EASTHAM — A local resident’s attempt to overturn the special permits awarded to two marijuana businesses was dismissed by Barnstable Superior Court Judge Thomas Perrino on Dec. 23.
Eastham’s Steve Wlodkowski filed a civil complaint on July 18, 2019, challenging the planning board’s approval of two recreational marijuana stores, one medical marijuana dispensary, and one cultivation facility. The permits had been granted on June 19.
Judge Perrino ruled that Wlodkowski did not have standing in the case because he is not an abutter to the proposed marijuana facilities and, thus, not an aggrieved party.
Harlen Howard and Jonah Turner of Truro, operating as Salty Farmers, plan to operate a retail cannabis store at 182 Brackett Road and a cultivation facility at 120 Holmes Road. A second company, Emerald Grove, owned by Timothy and Alex Jamoulis of Harwich, received permits to operate a combined retail and medical marijuana outlet at 3 Main St., unit 1, in the development known as Main Street Mercantile.
All three locations either directly abut or are near the affordable rental development called Village at Nauset Green, off Brackett Road, now under construction.
In his complaint, Wlodkowski argued that all of the proposed businesses would operate within 500 feet of a playground that is being built at the Nauset Green development. Eastham’s bylaws prohibit marijuana businesses within 500 feet of a K-12 school, “childcare center; public park; playground; or children’s camp.”
“The main reason [I’m doing this] is to advocate for the people who can’t advocate for themselves,” Wlodkowski said in July. “As a community it’s up to us to follow our bylaws for our neighbors.”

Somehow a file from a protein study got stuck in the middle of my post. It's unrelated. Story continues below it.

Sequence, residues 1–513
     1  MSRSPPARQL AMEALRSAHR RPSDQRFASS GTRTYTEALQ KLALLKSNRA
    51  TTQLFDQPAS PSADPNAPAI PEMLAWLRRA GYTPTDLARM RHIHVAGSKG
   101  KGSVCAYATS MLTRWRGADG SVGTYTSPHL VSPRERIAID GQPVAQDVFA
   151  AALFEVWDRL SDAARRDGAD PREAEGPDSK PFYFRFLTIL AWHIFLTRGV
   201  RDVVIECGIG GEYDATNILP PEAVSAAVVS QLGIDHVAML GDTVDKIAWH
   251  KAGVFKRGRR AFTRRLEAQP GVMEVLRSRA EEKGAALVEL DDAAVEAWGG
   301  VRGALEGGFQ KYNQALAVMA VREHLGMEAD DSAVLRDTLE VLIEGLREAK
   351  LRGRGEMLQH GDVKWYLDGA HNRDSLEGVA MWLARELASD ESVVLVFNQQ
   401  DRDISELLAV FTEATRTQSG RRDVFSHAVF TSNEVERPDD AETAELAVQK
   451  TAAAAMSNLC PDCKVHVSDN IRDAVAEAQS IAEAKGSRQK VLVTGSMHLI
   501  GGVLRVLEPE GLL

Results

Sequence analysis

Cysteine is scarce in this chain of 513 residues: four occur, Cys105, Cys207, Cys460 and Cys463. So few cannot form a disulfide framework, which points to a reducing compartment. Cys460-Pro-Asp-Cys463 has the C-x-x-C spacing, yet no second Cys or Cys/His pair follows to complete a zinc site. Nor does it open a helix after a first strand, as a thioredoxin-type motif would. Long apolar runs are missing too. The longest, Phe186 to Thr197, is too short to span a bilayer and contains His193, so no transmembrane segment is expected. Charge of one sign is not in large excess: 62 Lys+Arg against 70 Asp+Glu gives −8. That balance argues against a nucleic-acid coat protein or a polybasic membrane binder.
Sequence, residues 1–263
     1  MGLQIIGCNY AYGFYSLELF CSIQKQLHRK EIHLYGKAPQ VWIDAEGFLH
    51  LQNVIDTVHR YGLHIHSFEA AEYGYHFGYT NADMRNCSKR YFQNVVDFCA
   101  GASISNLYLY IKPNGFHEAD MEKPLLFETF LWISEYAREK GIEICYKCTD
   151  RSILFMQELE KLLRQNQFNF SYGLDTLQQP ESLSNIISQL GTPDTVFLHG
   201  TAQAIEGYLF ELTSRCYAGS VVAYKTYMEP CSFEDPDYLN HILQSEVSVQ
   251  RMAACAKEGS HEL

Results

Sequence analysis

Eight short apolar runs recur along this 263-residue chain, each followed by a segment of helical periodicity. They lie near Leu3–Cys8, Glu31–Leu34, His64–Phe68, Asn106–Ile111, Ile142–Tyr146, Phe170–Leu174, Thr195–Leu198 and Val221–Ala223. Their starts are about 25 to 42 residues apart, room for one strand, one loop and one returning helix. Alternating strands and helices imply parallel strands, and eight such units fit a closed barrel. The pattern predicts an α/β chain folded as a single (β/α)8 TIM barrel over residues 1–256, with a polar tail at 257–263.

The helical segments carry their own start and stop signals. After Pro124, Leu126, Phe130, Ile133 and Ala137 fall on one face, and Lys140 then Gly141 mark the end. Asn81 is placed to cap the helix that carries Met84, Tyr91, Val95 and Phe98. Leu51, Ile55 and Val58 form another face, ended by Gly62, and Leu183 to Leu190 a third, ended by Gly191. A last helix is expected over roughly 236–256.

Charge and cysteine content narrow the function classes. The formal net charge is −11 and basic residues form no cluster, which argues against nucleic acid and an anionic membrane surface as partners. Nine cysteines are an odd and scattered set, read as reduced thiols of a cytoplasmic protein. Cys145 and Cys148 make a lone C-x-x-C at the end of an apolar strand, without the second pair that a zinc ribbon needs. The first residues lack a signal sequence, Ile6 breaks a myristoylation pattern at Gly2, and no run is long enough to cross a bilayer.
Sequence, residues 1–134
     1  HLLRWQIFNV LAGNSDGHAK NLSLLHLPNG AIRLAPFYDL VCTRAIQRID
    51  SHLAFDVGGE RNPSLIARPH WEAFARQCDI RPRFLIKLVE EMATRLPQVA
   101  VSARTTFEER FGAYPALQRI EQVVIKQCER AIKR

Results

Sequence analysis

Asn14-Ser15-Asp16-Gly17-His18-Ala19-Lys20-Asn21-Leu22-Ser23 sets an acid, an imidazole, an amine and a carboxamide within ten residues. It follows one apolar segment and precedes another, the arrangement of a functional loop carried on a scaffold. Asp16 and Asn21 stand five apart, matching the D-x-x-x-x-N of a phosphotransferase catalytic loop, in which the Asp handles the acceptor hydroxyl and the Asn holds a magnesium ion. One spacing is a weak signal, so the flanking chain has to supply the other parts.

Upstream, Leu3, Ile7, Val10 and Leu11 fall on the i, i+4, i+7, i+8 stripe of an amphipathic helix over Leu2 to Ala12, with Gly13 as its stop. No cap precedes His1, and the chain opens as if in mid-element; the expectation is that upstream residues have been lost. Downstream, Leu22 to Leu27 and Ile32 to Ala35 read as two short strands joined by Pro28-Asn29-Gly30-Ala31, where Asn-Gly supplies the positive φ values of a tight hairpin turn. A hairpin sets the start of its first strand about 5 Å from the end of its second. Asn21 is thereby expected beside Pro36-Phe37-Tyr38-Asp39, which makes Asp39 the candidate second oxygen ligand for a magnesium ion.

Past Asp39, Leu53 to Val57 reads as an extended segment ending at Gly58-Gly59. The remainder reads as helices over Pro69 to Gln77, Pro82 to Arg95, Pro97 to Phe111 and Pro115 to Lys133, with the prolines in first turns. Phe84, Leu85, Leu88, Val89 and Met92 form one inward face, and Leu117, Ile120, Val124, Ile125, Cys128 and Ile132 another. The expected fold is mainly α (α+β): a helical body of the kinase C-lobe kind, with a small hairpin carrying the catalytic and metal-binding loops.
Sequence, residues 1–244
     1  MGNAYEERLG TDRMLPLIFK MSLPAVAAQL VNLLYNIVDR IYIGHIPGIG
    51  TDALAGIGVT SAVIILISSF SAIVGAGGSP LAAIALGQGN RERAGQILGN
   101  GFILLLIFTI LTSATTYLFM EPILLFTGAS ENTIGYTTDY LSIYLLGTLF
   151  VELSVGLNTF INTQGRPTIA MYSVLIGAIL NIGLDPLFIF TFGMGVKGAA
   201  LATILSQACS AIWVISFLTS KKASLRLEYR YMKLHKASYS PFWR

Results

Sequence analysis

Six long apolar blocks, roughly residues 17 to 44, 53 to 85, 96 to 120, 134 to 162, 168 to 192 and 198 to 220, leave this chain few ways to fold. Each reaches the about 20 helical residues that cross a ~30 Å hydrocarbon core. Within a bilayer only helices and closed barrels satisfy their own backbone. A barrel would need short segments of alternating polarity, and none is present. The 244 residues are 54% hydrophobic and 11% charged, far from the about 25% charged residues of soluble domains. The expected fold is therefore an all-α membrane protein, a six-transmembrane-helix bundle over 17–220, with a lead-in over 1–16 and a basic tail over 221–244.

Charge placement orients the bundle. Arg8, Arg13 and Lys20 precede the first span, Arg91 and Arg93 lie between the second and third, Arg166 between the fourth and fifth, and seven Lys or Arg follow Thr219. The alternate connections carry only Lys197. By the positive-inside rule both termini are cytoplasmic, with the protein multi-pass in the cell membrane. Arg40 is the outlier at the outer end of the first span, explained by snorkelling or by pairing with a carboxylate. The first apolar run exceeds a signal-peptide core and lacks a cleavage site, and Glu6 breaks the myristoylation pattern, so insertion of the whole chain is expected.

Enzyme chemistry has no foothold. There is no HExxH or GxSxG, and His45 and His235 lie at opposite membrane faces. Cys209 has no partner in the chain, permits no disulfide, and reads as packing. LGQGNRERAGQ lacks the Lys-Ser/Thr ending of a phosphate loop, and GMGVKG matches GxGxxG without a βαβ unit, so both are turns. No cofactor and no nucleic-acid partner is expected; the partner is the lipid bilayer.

Eastham Town Planner Paul Lagg argued that the playground being planned for Nauset Green was not a public park but was for the exclusive use of the development’s residents.
Fleisher Enterprises LLC owns the building at 182 Brackett Road, Farrell Electric owns the land at 120 Holmes Road, and Katrina Boucher owns unit 1 at 3 Main St. All were listed as defendants in the complaint, along with the two marijuana businesses and all members of the town’s planning board.
Wlodkowski acted as his own lawyer in filing the complaint. He did not respond to a request for comment on the court’s decision this week.
Both Salty Farmers and Emerald Grove have host agreements with the town and will pay a community impact fee of 3 percent of gross sales for the first three years of operation to help address any public health, safety, or other problems created by the businesses.
Both businesses are in the process of obtaining licenses from the state Cannabis Control Commission (CCC).
The CCC has its own regulations: “A marijuana establishment shall comply with all local requirements regarding siting, provided however that if no local requirements exist, then marijuana establishment shall not be sited within a radius of 500 feet of a public or private school, daycare center, or any facility in which children commonly congregate. The 500-foot distance under this section shall be measured in a straight line from the nearest point of the facility in question to the nearest point of the proposed marijuana establishment.”
But the CCC does not further define the phrase “any facility in which children commonly congregate.”
Wlodkowski’s complaint also cited the proximity of the Cape Cod Rail Trail. Olivia K. Dorrance, a spokesman at the state Dept. of Conservation and Recreation, said, “Contained within the Massachusetts state park system are parks, beaches, reservations, forests, and other properties that the [DCR] designates as parklands, which includes rail trails. However, the applicability of local zoning ordinances is a matter for a municipality to determine, not the DCR.”
Wlodkowski also approached the state Bureau of Housing Development and Construction, seeking direction on the siting of cannabis businesses near playgrounds.
In an email reply to Wlodkowski, the bureau’s Ben Stone said his department could not influence the decision.
“While we understand the concern, unfortunately BHDC is not able to directly influence or change local zoning decisions,” Stone wrote. “We have also contacted the Cannabis Control Commission, who had the same response. We suggest continuing to work with the Eastham Planning Board and local government.”